From:

Eric Sosman <esosman@ieee-dot-org.invalid>

Newsgroups:

comp.lang.java.programmer

Date:

Tue, 06 Nov 2007 08:18:50 -0500

Message-ID:

<hcidnbA2P78g9K3anZ2dnUVZ_uiknZ2d@comcast.com>

Piotr Kobzda wrote On 11/05/07 14:28,:

I don't know. [...]

[...]

So, what do you think about the following:

private double lastr = rand.nextDouble();

public double nextInclusiveDouble() {

double r = lastr + rand.nextDouble();

if (r > 1d) r -= 1d;

return lastr = r;

}

The probability of each double in range [0, 1] seams to equal. Is it

correct?

So, what do you think about the following:

private double lastr = rand.nextDouble();

public double nextInclusiveDouble() {

double r = lastr + rand.nextDouble();

if (r > 1d) r -= 1d;

return lastr = r;

}

The probability of each double in range [0, 1] seams to equal. Is it

correct?

I don't know. [...]

... but I've been thinking about it, and I've found the

answer. Three answers, in fact: Yes, No, and Maybe.

YES: The first number returned is the sum of two uniformly

distributed values, possibly minus one. Call the two uniform

values X and Y, and think of them as coordinates in the unit

square. The returned value is x+y for any point in the lower

left triangle or x+y-1 in the upper right triangle. This value

will be less than some chosen r, 0<=r<=1, if (x,y) is in a small

triangle at the origin (where x+y<r) or in a band just above the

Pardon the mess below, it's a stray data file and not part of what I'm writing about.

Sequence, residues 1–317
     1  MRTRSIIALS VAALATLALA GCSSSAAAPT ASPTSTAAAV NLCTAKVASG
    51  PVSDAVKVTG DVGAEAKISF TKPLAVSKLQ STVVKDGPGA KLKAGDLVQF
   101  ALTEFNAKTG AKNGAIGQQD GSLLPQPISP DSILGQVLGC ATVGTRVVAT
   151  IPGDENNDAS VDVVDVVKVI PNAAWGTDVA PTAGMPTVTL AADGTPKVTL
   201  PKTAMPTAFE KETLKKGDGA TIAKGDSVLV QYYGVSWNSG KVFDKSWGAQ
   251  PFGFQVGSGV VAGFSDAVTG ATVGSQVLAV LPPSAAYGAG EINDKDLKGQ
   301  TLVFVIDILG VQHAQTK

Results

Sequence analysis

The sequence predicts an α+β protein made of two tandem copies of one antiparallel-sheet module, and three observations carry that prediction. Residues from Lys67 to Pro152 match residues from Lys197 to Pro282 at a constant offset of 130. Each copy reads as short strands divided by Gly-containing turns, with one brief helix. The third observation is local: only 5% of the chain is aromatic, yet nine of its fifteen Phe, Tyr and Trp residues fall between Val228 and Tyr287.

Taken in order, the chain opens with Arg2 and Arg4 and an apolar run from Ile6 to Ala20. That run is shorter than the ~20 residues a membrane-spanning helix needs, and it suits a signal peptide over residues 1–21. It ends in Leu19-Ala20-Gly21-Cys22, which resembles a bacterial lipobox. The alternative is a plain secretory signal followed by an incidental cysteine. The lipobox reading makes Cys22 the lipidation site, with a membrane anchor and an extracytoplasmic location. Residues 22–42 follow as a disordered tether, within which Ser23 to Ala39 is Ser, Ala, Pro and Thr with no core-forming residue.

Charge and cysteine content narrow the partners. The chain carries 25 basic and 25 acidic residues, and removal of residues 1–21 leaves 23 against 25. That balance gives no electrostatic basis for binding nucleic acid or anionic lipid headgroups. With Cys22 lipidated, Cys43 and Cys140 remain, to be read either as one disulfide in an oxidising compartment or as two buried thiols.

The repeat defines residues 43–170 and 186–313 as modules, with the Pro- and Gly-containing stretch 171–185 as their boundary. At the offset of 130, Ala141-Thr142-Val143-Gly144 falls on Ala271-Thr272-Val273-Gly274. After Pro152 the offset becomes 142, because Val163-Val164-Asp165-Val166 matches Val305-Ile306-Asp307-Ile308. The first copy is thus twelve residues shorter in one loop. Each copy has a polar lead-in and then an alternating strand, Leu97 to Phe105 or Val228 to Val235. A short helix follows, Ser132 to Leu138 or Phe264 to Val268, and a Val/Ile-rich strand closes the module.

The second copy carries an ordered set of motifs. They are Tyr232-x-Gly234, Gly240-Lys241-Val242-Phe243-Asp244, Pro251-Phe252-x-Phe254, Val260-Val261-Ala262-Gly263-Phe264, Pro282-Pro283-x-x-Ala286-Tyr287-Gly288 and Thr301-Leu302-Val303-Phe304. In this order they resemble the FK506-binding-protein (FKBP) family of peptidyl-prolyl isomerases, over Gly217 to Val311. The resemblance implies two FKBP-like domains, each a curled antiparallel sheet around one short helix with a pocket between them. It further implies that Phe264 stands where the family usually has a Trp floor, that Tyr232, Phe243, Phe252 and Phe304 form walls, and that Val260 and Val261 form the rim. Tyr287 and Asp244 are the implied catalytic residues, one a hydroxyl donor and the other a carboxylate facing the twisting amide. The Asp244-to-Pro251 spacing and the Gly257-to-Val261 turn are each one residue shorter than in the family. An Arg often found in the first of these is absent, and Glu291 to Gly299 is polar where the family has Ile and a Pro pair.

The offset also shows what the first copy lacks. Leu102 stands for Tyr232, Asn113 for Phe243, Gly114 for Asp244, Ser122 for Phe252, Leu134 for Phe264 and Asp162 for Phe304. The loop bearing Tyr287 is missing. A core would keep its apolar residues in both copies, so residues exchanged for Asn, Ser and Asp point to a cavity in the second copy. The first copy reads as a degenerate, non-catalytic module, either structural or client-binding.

diagonal (where 1<x=y<1+r). The area of the small triangle is

0.5*r^2, and the area of the band is 0.5-0.5*(1-r)^2. Add those,

and the total area in which the returned value is <r comes to r,

which is precisely the definition of a uniformly distributed

variable. So lastr is uniform after the first use, and will

remain uniform for all subsequent uses: the lastr from one use

becomes the X of the next one, with nextDouble contributing a

new Y, and the same argument applies all over again.

NO: The above assumes sums and differences are computed with

perfect accuracy, but in fact a double has finite precision: 53

bits for Java (one implicit, for normalized values). To keep

the illustration easy, imagine that double had only five bits of

precision. Express X and Y as binary fractions .xxxxx and .yyyyy,

where the x's and y's are jumbles of 1's and 0's. If the sum

z=x+y is less than 1, it looks like .zzzzz and all is well. But

if it's 1 or greater, it's 1.zzzz: one bit has been rounded off.

Now subtract 1 from this, and you get .zzzz0 -- that is, after a

subtraction step, the lowest-order fraction bit is necessarily

zero. If x+y<1 the low-order bit is about equally likely to be

zero or one, but the other half of the time it is always zero;

all in all, the low-order bit is zero 75% of the time and one

only 25% of the time. (A comment in the source of nextDouble

says that early versions of that method had a related bug.)

MAYBE: A double has 53 bits of precision when stored, but

some JVM's use higher precision in intermediate computations if

strictfp is not specified. On such JVM's, the sum of x+y might

be 1.zzzz (rounded) or 1.zzzzz (exact, in a high-precision CPU

register), and in the latter case subtracting 1 will not introduce

a low-order 0. So you're at the mercy of the particular JVM and

of exactly how the JIT decides to compile the byte code.

"Go not to c.l.j.p. for advice, for they will say both Yes

and No -- and sometimes Maybe."

--

Eric Sosman

esosman@ieee-dot-org.invalid

Generated by PreciseInfo ™

"With all of the evidence to the contrary," the district attorney said

to the defendant,

"do you still maintain Nasrudin, that your wife died of a broken heart?"

"I CERTAINLY DO," said Mulla Nasrudin.

"IF SHE HAD NOT BROKEN MY HEART, I WOULDN'T HAVE SHOT HER."

to the defendant,

"do you still maintain Nasrudin, that your wife died of a broken heart?"

"I CERTAINLY DO," said Mulla Nasrudin.

"IF SHE HAD NOT BROKEN MY HEART, I WOULDN'T HAVE SHOT HER."